Monday's News & Ideas - 10/9/2017
- Searching for God in Las Vegas
- A church repents for racist founders
- Anti-Semitism gives The Forward new resolve
- Negativity & creativity
- Church buildings become breweries
- The race for human attention
Sermon on the Strip: ‘Where is God?’
Religion News Service: Since Stephen Paddock shot hundreds of people on Oct. 1 in Las Vegas, there have been calls for unity and calls for information as investigators still have no real insight into Paddock’s motives. There have been outpourings of donations and frustrations as everyone in this city -- both residents and those passing through -- seek some reason behind the chaos of last Sunday night.
Religion News Service: In Las Vegas as before, spontaneous ‘shrines’ bring healing after horror
The Washington Post: Church criticized for promoting AR-15 raffle days after Las Vegas massacre
On its 100th birthday, a church repents for its racist founders
The Washington Post: A historic D.C. church did not celebrate with cake, balloons or rejoicing. Instead, congregants gathered in a somber mood and utter silence. This church’s birth, 100 years ago, wasn’t something they felt called to celebrate. The roots of this church are a source of unique shame.
Anti-Semitism’s rise gives The Forward new resolve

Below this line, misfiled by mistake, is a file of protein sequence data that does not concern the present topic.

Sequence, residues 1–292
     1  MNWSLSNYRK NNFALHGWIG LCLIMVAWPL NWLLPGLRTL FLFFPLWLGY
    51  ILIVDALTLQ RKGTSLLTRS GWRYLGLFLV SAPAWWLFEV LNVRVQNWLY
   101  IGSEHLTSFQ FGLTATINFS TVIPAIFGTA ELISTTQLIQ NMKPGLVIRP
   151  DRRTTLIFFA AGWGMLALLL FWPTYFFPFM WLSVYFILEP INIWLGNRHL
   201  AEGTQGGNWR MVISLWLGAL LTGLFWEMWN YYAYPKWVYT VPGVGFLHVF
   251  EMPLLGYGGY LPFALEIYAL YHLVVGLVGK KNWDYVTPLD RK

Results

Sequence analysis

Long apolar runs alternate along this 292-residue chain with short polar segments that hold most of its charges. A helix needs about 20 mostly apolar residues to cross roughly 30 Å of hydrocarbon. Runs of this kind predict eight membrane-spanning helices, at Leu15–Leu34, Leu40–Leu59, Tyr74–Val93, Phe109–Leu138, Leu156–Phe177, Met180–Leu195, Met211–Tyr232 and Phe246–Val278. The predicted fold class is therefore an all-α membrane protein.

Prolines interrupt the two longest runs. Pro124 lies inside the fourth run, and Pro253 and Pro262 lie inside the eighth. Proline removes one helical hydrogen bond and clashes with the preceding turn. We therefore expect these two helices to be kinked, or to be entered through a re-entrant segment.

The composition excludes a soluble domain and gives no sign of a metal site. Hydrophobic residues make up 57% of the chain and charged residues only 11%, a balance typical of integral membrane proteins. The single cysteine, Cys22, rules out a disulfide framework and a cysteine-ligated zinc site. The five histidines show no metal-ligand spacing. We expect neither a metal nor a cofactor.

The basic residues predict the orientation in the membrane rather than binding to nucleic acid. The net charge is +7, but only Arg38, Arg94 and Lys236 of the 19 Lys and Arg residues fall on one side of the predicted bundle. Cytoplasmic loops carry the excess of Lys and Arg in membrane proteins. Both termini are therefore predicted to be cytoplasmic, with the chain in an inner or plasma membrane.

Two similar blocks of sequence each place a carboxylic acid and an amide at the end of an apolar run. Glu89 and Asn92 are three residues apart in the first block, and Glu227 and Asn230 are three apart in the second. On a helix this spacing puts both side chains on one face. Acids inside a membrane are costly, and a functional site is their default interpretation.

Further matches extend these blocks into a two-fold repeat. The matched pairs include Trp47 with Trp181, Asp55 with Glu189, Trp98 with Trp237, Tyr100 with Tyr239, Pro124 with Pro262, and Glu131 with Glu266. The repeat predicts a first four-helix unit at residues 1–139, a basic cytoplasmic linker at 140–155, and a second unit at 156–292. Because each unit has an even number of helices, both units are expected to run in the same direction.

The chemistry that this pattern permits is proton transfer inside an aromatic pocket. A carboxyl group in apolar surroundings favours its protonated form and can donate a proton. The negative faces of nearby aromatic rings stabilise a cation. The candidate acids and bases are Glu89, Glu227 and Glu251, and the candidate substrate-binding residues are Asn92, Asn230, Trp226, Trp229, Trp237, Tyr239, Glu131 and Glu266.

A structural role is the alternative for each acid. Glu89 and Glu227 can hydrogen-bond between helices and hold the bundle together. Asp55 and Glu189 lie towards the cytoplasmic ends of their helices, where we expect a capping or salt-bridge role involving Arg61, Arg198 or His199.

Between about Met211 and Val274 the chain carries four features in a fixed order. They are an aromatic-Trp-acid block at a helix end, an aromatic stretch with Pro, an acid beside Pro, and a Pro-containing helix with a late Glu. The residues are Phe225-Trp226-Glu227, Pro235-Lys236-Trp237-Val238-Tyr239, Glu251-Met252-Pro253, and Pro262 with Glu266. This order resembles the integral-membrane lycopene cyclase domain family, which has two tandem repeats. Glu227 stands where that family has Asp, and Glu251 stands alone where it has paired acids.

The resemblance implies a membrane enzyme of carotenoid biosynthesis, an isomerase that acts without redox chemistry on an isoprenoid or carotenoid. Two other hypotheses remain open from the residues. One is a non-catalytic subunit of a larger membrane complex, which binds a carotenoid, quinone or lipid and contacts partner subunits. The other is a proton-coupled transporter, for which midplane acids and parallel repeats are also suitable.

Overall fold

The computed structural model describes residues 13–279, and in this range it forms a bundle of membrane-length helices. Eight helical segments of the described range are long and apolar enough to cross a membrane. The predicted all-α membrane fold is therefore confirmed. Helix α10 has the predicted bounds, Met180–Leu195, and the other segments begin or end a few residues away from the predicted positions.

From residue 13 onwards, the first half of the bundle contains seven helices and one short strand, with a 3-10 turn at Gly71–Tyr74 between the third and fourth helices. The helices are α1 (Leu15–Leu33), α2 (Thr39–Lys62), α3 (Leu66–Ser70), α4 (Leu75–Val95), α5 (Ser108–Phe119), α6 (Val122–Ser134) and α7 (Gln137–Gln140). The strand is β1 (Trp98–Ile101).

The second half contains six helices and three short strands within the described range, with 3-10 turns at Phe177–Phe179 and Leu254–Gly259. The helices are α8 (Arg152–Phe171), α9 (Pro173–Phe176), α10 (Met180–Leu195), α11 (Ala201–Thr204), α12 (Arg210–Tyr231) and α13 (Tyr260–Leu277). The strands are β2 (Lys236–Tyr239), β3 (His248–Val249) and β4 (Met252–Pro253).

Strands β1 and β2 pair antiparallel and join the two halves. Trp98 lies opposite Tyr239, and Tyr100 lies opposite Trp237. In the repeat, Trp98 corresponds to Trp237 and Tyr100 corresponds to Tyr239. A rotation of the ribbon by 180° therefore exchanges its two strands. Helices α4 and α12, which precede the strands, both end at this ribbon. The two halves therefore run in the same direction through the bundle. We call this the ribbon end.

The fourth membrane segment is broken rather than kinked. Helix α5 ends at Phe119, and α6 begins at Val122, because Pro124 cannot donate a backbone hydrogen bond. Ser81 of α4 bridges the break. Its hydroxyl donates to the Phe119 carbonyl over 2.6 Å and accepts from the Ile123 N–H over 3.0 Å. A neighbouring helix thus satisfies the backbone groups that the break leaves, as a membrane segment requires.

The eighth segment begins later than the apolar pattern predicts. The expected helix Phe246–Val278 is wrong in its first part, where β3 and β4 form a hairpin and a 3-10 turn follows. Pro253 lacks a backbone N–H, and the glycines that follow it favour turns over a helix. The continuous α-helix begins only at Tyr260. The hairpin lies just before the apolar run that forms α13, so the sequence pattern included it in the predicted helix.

The New York Times: The Forward has chronicled the experiences of Jews in the United States for 120 years. Initially published as a Yiddish-language lifeline for those who fled hatred and strife in Europe, in recent years it had to work harder to stay relevant. Then came 2016, and a sudden clarification of its mission that would be strikingly familiar to the publication’s founders: covering the rise of public displays of anti-Semitism.
Is your negativity getting in the way of your creativity?
Big Think: Negativity bias is a well-studied and heavily documented phenomenon with implications for nearly every aspect of our lives. One area where it affects us daily, almost without our noticing it, is in our decision-making. Nearly all people are more risk-averse than they think they are.
Holy spirits: Closed churches find second life as breweries
The Associated Press: Ira Gerhart finally found a place last year to fulfill his yearslong dream of opening a brewery: a 1923 Presbyterian church. It was cheap, charming and just blocks from downtown Youngstown, Ohio. At least 10 new breweries have opened in old churches across the country since 2011.
Our minds can be hijacked
Google, Twitter and Facebook workers who helped make technology so addictive are disconnecting themselves from the internet. The Guardian reports on the Silicon Valley refuseniks alarmed by a race for human attention.